Why we have not been able in the past 5 years to make people realize how important is to protect themselves online? Our advertisement strategy is often just based on hacking people’s Facebook or identity thefts stories, but those have not been enough apparently.

And then there is the last issue that bothers me a lot: aside from the quite disturbing and annoying fact that a lot of the US based cybersecurity movement is, directly or indirectly, being supported by the US government, being it DRL, State department, USAID or other collateral agencies, this movement has badly failed in educating people about their risks. We have been so focused on the tools and on battling on who is the most hardcore internet freedom activist (not worries, they are all Americans and almost all men: we are safe!!) that we have kinda of lost perspective on where the real danger is coming from.

At the freedom online conference in Tunis, earlier 2013, I also realized how the language is a barrier. The majority of the conversations I had a with people at the conference where almost surreal. I consider myself a pretty smart girl: I have two masters degrees and have been working on technology related stuff for the past 4 years. Despite this though, I could not understand more than 80% of the conversations happening in that conference: people talked using lots acronyms and ONLY (yes ONLY) using technical language. There was not one single person there that bothered to explain in plain English what they were talking about. Granted, I guess that the Freedom Online conference is only for “already experts in the subject” people, but if this is the language used to communicate in this space, not freaking wonder no one else outside that community has  clue of the all digital security issue.

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In that same conference Google organized a Google Tend. More then 80% of the delegated decided not to go, in protest against the company being one those who gave data to the NSA under their request. Instead we all went to Nawaat, where several digital security activists/experts etc from the USA organized a meeting to discuss what they could do to protect their privacy in their country. During the meeting a tunisian activist, that had been fighting against the censorship of the internet in his country for years, came close to me and asked me “Why are the Americans so shocked about this? Did they really not know that this was happening? Really?”.

I remember thinking that this was a great thing, highlighting how much trust American citizens have in their government. On the other side I realized how little are we prepared to really take actions against the real threats to our online freedom and privacy: the government agencies, the internet/mobile/ISP providers and the tools manufacturers. We have been focusing so much on the users – overwhelming them with tons of information and tools to use – and very little on the main producers and managers of the system.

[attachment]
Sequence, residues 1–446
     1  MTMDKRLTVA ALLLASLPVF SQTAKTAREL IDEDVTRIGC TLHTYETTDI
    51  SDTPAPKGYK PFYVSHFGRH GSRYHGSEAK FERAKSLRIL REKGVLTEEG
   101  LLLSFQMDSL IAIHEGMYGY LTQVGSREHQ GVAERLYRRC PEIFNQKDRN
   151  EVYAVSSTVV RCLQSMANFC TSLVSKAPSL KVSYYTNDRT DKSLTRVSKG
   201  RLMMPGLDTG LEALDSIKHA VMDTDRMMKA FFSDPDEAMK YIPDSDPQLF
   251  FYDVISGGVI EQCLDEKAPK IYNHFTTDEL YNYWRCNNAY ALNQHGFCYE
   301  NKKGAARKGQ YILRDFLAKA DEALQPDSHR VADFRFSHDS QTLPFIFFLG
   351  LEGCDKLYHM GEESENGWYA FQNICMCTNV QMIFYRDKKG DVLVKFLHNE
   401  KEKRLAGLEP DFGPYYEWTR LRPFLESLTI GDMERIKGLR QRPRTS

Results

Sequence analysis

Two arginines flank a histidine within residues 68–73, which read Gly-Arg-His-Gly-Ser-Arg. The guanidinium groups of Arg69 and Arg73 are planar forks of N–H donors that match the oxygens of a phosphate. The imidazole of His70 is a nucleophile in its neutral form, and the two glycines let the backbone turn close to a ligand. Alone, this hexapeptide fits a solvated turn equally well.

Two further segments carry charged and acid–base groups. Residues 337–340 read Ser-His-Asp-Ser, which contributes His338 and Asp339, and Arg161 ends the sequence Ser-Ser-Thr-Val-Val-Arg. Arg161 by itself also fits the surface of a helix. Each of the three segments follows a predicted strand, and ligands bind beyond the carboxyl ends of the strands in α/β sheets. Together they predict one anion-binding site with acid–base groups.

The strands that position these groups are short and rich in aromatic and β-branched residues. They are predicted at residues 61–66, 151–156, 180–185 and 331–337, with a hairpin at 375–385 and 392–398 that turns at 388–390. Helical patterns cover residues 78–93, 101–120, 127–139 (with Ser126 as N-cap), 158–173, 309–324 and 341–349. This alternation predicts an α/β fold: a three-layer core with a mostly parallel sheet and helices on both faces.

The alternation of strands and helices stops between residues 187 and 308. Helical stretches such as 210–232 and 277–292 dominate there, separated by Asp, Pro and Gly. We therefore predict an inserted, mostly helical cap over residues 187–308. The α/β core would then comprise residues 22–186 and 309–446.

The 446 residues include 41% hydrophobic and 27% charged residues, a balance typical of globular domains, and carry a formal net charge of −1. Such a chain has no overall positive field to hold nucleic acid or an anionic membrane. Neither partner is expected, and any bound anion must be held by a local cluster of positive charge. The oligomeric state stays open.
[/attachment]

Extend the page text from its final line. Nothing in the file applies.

What the NSA did to me, was not to show that the USA government, together with many others, does not care about privacy at all, but to show that we are unprepared and have ignored the bigger problem: the fact that the all infrastructure of the Internet is still managed and controlled by few, and those few are linked strictly to (or bossed round by) governments. While we were wasting out time measuring our dicks over the most hardcore encryption system, we forgot to invest in what the real deal is: the infrastructure and the laws regulating its use and access.

As I said I am no expert. But I am worried that even the experts here have not been that useful so far. I hope that the NSA issue will not be confined to the usual USA centric discussion based on “can the government spy on its own citizens” but moves a bit towards the fact that our digital security and online freedom strategy has been a huge a failure. We have failed as a community and we need to make up for this. We need better trainings (and tailored to real risks), better strategies for risks assessments, better sensitization campaigns,  better understanding of the issue, better communication skills.

We need a much broader advocacy strategy that starts from obliging, for example, all companies to write in plain English their Term of Reference; mobile providers to give instructions to each of their customers about where and when their communications are recorded, stored and kept; make compulsory to attach to each mobile handset sold an “instruction sheet” that explains to people how their device can be tracked; all providers to have self encrypted systems where they DO NOT have access to the data, they just act as the means to move the data. We need a much stronger position not just against the NSA, but as a community on what we did wrong and how to do it better. Demonstrating or collecting signatures, I am sorry, it is not a strategy, it’s the last resource of an already failed movement.

We need to re-group, re-focus and start everything all over again.